Use Laplace transforms to solve the initial value problems.y"+4y=2\delta(t-\pi), y(0)=1 , y'(0)=0

Phoebe 2021-09-16 Answered

Use Laplace transforms to solve the initial value problems.
\(y"+4y=2\delta(t-\pi), y(0)=1 , y'(0)=0\)

Want to know more about Laplace transform?

Expert Community at Your Service

  • Live experts 24/7
  • Questions are typically answered in as fast as 30 minutes
  • Personalized clear answers
Learn more

Solve your problem for the price of one coffee

  • Available 24/7
  • Math expert for every subject
  • Pay only if we can solve it
Ask Question

Expert Answer

AGRFTr
Answered 2021-09-17 Author has 12458 answers

We know that \(L\left\{\delta(t-t_0)\right\}=e^{-s t_0}\)
and \(L^{-1}\left\{e^{-as} F(s)\right\}=f(t-a)u(t-a)\)
Now , given that, \(y"+4y=2\delta(t-\pi); y(0)=1 . y'(0)=0\)
Taking Laplace transformation on both sides we get,
\(L\left\{y"+4y\right\}=2L\left\{\delta(t-\pi)\right\}\)
\(\Rightarrow L\left\{y"\right\}+4L\left\{y\right\}=2L\left\{\delta(t-\pi)\right\}\)
\(\Rightarrow sY(s)-sy(0)-y'(0)+4y(s)=2e^{-\pi s}\)
\(\Rightarrow s^2Y(s)-s-0+4y(s)=2e^{-\pi s} \left[\because y(s)=L\left\{y\right\}\right]\)
\(\displaystyle\Rightarrow{y}{\left({s}\right)}{\left[{s}^{{2}}+{4}\right]}={2}{e}^{{-\pi{s}}}+{s}\)
\(\displaystyle\Rightarrow{y}{\left({s}\right)}={2}{\frac{{{e}^{{-\pi{s}}}}}{{{s}^{{2}}+{4}}}}+{\frac{{{s}}}{{{s}^{{2}}+{4}}}}\)
Now taking inverse Laplace transformation,
\(y(d)=L^{-1}\left\{\frac{2e^{-\pi s}}{s^2+4}\right\}+L^{-1}\left\{\frac{s}{s^2+4}\right\}\)
\(\therefore y(d)=L^{-1}\left\{e^{-\pi s} \frac{2}{s^2+2^2}\right\}+L^{-1}\left\{\frac{s}{s^2+2^2}\right\}\ \ \ (2)\)
Now, \(L^{-1}\left\{e^{-\pi s} \frac{2}{s^2+2^2}\right\}\)
Let, \(\displaystyle{F}{\left({s}\right)}={\frac{{{2}}}{{{s}^{{2}}+{2}^{{2}}}}},\ \text{ Then }\ {f{{\left({t}\right)}}}={\sin{{2}}}{t}\)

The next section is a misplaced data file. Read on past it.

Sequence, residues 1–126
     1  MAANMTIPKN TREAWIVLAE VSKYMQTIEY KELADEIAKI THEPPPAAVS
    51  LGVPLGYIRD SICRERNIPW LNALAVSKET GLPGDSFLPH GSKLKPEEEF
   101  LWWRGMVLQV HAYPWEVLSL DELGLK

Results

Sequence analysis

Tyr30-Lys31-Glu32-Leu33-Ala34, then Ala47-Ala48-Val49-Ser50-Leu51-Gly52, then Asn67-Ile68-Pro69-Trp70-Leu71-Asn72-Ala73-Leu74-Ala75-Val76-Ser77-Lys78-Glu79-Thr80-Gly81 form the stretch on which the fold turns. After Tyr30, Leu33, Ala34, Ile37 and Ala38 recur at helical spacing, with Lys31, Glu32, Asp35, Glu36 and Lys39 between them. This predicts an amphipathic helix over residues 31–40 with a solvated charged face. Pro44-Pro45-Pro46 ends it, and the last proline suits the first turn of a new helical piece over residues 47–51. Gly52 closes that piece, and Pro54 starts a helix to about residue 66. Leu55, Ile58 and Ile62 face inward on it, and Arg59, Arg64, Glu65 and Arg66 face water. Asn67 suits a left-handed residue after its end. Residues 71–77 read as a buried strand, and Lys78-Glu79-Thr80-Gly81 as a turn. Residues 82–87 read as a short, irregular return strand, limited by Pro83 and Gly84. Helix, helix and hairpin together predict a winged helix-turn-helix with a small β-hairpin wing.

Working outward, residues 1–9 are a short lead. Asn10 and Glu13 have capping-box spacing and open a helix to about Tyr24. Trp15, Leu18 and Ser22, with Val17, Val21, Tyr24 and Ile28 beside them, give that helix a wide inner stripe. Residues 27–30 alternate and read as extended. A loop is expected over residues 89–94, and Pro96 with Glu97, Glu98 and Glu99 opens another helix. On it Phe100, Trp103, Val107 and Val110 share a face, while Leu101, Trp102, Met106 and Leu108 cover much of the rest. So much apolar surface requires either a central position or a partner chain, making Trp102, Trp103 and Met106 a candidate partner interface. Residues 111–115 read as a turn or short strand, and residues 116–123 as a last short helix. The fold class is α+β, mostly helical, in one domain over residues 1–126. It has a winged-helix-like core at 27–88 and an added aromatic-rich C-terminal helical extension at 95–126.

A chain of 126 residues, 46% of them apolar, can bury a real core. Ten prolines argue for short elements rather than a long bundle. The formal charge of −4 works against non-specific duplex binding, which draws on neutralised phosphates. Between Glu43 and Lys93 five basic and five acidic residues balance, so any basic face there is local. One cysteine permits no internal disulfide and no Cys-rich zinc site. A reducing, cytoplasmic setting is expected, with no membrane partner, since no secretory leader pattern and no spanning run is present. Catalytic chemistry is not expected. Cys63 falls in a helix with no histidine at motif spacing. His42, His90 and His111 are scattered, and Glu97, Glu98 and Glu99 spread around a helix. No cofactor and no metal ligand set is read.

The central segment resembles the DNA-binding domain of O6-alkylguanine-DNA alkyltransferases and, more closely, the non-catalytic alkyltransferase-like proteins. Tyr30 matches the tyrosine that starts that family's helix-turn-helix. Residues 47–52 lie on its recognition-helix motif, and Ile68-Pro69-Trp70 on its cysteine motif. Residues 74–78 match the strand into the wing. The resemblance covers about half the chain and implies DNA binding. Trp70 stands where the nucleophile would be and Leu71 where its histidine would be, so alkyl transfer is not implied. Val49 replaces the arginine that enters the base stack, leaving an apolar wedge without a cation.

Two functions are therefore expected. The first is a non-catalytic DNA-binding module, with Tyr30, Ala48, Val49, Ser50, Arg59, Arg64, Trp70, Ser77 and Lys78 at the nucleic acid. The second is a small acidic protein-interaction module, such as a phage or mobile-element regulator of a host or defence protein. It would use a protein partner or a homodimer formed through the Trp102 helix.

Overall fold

\(\displaystyle\therefore{f{{\left({t}-\pi\right)}}}={\sin{{2}}}{\left({t}-\pi\right)}\)
\(L^{-1}\left\{e^{-\pi s} \frac{2}{s^2+2^2}\right\}=f(t-2)u(t-a)\)
\(\displaystyle={\sin{{\left({2}{t}-{2}\pi\right)}}}{u}{\left({t}-\pi\right)}\)
\(\displaystyle={\sin{{2}}}{\left({t}-\pi\right)}{u}{\left({t}-\pi\right)}\)
and \(L^{-1}\left\{\frac{s}{s^2+2^2}\right\}=\cos 2t\)
From (2) we get
\(\displaystyle{y}{\left({t}\right)}={\sin{{2}}}{\left({t}-\pi\right)}{u}{\left({t}-\pi\right)}+{\cos{{2}}}{t}\)
\(\displaystyle\Rightarrow{y}{\left({t}\right)}={\sin{{2}}}{t}{u}{\left({t}-\pi\right)}+{\cos{{2}}}{t}\)

Not exactly what you’re looking for?
Ask My Question
48
 

Expert Community at Your Service

  • Live experts 24/7
  • Questions are typically answered in as fast as 30 minutes
  • Personalized clear answers
Learn more

Relevant Questions

asked 2021-09-18
Use Laplace transforms to solve the initial value problems.
\(\displaystyle{y}\text{}{y}'=\delta{\left({t}\right)}-\delta{\left({t}-{3}\right)},{y}{\left({0}\right)}={1},{y}'{\left({0}\right)}={0}\)
asked 2021-09-06

Solve the IVP using Laplace transforms:
\(\displaystyle{}\text{}{}{y}''+{3}{y}={U}{\left({t}-\pi\right)}{e}^{{-{2}{\left({t}-\pi\right)}}},{y}{\left({0}\right)}={0},{y}'{\left({0}\right)}={0}\)

asked 2021-09-22
Use Laplace transforms to solve the following initial value problem.
\(\displaystyle{x}^{{{\left({3}\right)}}}+{x}\text{-6x'=0, x(0)=0 , x'(0)=x}{\left({0}\right)}={7}\)
The solution is x(t)=?
asked 2021-09-06

Solve the initial value problem using Laplace transforms.
\(y"+y=f(t) , y(0)=0 , y'(0)=1\)
Here
\(f(t)=\begin{cases}0 & 0\leq t<3\pi\\1 & t\geq 3\pi\end{cases}\)

asked 2021-09-26

Use Laplace transforms to solve the following initial value problem.
\(x''+x=3 \cos 3t , x(0)=1 , x'(0)=0\)
The solution is \(x(t)=?\)

asked 2021-03-04

use the Laplace transform to solve the given initial-value problem.
\(y"+y=f(t)\)
\(y(0)=0 , y'(0)=1\) where
\(\displaystyle f{{\left({t}\right)}}={\left\lbrace\begin{matrix}{1}&{0}\le{t}<\frac{\pi}{{2}}\\{0}&{t}\ge\frac{\pi}{{2}}\end{matrix}\right.}\)

asked 2021-09-16

Solve the initial value problem below using the method of Laplace transforms.
\(\displaystyle{y}\text{}{8}{y}'+{41}{y}={29}{e}^{{{2}{t}}}\)
\(y(0)=1 , y'(0)=7\)

...